That it is a specialist place for people with knowledge, passion and skill is a given. But rather than the factual inaccuracies and obvious false premise set up when the presenters state they are going to restore a car within a few scant weeks, it is the assumption that what is presented is somehow ‘good enough’ for the audience that galls me the most. Can you believe that within the programme schedulers listings it is referred to as a documentary? If it was living up to that billing then it would have to show and explain well-researched facts. If it was documenting anything worth knowing, there would not be the disapproval from those of us within the old-car industry. And if it was really a documentary, it would be focused on delivering the truth to its audience. Which is exactly what Classic Cars for Sale’s sister title Classic Car Weekly has done this week.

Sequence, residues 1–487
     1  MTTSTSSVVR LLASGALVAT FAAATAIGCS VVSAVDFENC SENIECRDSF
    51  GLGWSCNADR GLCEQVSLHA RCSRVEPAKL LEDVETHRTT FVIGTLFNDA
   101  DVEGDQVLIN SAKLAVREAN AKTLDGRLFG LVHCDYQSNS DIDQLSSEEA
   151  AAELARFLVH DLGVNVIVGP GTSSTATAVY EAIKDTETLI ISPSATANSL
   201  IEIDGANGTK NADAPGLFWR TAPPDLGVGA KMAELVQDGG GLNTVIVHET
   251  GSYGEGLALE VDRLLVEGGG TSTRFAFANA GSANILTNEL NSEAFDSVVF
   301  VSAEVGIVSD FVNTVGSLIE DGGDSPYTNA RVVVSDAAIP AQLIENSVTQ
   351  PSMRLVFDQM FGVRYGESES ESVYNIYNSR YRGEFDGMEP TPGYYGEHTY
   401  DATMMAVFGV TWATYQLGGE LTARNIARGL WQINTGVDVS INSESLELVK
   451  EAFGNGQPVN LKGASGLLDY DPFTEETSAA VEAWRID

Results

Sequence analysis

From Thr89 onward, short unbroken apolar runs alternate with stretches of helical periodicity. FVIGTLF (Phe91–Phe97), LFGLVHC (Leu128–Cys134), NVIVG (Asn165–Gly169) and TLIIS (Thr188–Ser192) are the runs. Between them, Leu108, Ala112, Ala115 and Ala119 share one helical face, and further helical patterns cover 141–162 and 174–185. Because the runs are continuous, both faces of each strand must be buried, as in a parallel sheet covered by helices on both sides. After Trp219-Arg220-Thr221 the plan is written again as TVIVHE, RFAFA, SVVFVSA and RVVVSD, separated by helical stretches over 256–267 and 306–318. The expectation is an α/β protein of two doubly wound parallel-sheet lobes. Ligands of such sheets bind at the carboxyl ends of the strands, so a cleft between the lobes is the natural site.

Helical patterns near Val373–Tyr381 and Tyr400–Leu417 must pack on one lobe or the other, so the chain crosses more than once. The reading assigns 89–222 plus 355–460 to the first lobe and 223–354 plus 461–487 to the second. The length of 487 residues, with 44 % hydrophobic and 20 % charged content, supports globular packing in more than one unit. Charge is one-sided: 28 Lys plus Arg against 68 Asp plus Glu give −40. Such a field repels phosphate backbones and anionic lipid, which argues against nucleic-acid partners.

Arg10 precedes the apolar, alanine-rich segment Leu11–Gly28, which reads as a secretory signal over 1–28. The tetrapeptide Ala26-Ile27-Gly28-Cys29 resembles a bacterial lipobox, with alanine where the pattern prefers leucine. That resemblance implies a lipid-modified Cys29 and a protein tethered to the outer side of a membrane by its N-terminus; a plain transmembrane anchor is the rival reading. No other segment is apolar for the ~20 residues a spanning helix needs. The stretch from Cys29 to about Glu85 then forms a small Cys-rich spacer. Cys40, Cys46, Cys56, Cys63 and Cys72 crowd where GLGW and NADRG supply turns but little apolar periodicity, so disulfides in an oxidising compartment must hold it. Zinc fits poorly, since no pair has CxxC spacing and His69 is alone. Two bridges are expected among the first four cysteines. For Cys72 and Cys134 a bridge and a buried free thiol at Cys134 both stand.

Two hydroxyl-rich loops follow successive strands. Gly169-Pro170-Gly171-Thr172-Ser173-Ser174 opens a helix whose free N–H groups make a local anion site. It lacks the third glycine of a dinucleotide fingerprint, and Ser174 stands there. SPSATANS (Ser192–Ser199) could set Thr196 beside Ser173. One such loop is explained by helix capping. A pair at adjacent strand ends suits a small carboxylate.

When you read the news in the ’paper, you’ll see how real journalists are able to unpack the news and bring all the evidence about the programme to Channel 5, leaving no doubt about the actions presented on telly. Add this to authentic, relevant advice from agencies such as VOSA, HPI and the DVLA, and all the gut feelings you had about the show’s credentials will be confirmed.
There’s only one piece of light at the end of the tunnel: the show that portrayed the restoration of one MGB gathered 1.2Million viewers. If even a fraction of these people end up as classic car owners, then that’ll be a good thing. Until then, I appeal to Channel 5: ‘Enough already!’